Now that we have established a 200 gpcd for this example community, we know how much water each person uses on an average per day. There are a number of variables affecting the actual use per individual, but this is the actual average gpcd for this example. Once the average gpcd is calculated you can break down the usage. First, let’s identify typical indoor uses. There are a number of different indoor water uses. For example, flushing toilets, brushing your teeth, bathing, washing your hands, cooking, cleaning dishes, and cleaning clothes. In addition to these common uses a certain amount of water can be lost through leaks in the plumbing system. There are obvious leaks such as a broken pipe or fixture. However, some leaks can go undetected for days or possibly longer. Toilets are probably some of the more common areas where leaks occur. The slightest little crease or crack in the rubber seal in the toilet tank can cause water to slowly drip into the bowl without being noticed. This is just one example of leaks which can account for a high percentage of water use both indoors and outdoors. The list of indoor water use can be larger, but this is a good start. Look at the table below for some estimated amounts and volumes of indoor water use.

    USE

    AMOUNT

    (%)

    Volume per Use

    Time/Quantity of Use

    TOTAL based on 200 gpcd

    Bathing

    8%

    2.5 gpm

    8 min

    16 gal

    Toilets

    3%

    1.6 gpf

    4

    6.4 gal

    Faucets (cooking/washing)

    6%

    2.2 gpm

    5.5 min

    12.1 gal

    Clothes Washer

    2%

    1 load per week

    25.5 per load

    3.6 gal

    Other/Leaks

    8%

    16 gal

    Total Gallons per Day

    54.1 gpd

    Based on the information in the above table, the indoor usage would account for approximately 27% of a person’s usage with a 200 gpcd. This is to say 54.1 gallons of indoor water use divided by a total water use of 200 gpcd equates to about 27%. If 27% is identified as indoor water use, then the outdoor (or irrigation) usage would account for approximately 73% or 145.9 gallons per day.

    In the space below, make a list of your various indoor uses and estimate how much water you use per day in your home.

    Use Time or Frequency Volume

    Outdoor Water Use

    Sticking with the same 200 gpcd example, the average outdoor water use equates to approximately 73% or 146 gpcd. In California, the average outdoor residential water use ranges from approximately 60 - 75%. Most of this water is used to keep lawns green. Drive around any single family residential community in California and you’ll see acres and acres of turf. This green lush landscaping requires significant amounts of water to keep it green, especially in some of the dry semi-arid inland communities across the state. However, in 2015, the State Water Resources Control Board (SWRCB) adopted water conservation regulations mandating urban water suppliers to reduce water consumption on average of 25%. In addition, new home building standards are becoming stricter making it almost impossible to install grass as the normal focal point in front and backyards throughout California. As usage patterns change, there are still millions of homes with front and backyards covered in grass. So, how much water is used to irrigate a lawn. New efficient drip, micro-spray, and irrigation systems are coming out every day, but many outdoor irrigation systems use standard “sprinkler heads.” The amount of water sprayed out of a sprinkler head varies, but the average nozzle produces approximately four (4) gallons of water per minute. Let’s look at a hypothetical example.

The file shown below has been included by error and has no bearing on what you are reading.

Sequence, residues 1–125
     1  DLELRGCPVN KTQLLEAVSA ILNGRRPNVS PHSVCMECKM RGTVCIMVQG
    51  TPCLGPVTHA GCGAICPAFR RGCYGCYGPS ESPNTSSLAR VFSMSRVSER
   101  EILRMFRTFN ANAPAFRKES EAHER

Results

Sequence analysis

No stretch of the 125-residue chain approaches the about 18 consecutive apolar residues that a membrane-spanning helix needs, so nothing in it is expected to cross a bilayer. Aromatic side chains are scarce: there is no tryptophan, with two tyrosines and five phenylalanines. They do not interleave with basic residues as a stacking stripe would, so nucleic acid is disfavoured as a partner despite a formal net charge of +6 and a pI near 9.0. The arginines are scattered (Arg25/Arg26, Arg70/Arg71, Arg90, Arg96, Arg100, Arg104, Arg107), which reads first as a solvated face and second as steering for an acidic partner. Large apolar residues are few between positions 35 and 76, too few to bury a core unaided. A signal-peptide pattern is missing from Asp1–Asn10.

Assumptions:

    • 1 sprinkler head produces four (4) gallons per minute
    • 7 sprinkler heads per irrigation station
    • 5 irrigation stations
    • Each station operates for 10 minutes per day

    Based on the assumptions above, let’s calculate how much water this irrigation system produces in one day.

    7 sprinkler heads x 4 gallons per minute per head = 28 gallons per minute

    28 gallons per minute x 10 minutes = 280 gallons per station

    280 gallons per station x 5 stations = 1,400 gallons per day

    You can see by this example, the amount of water used for outdoor irrigation can add up in a hurry. In fact, based on the 200 gpcd example we used in the above example this would equate to a much higher gpcd. One other thing needs to be mentioned regarding the 200 gpcd. Remember, this is for one person. Someone with the irrigation system used in the above example may be from a family’s home. So, let’s assume the irrigation system is from a family of four (4) and they are not watering daily. Let’s assume they are watering three (3) days per week. How does this look in terms of a gpcd?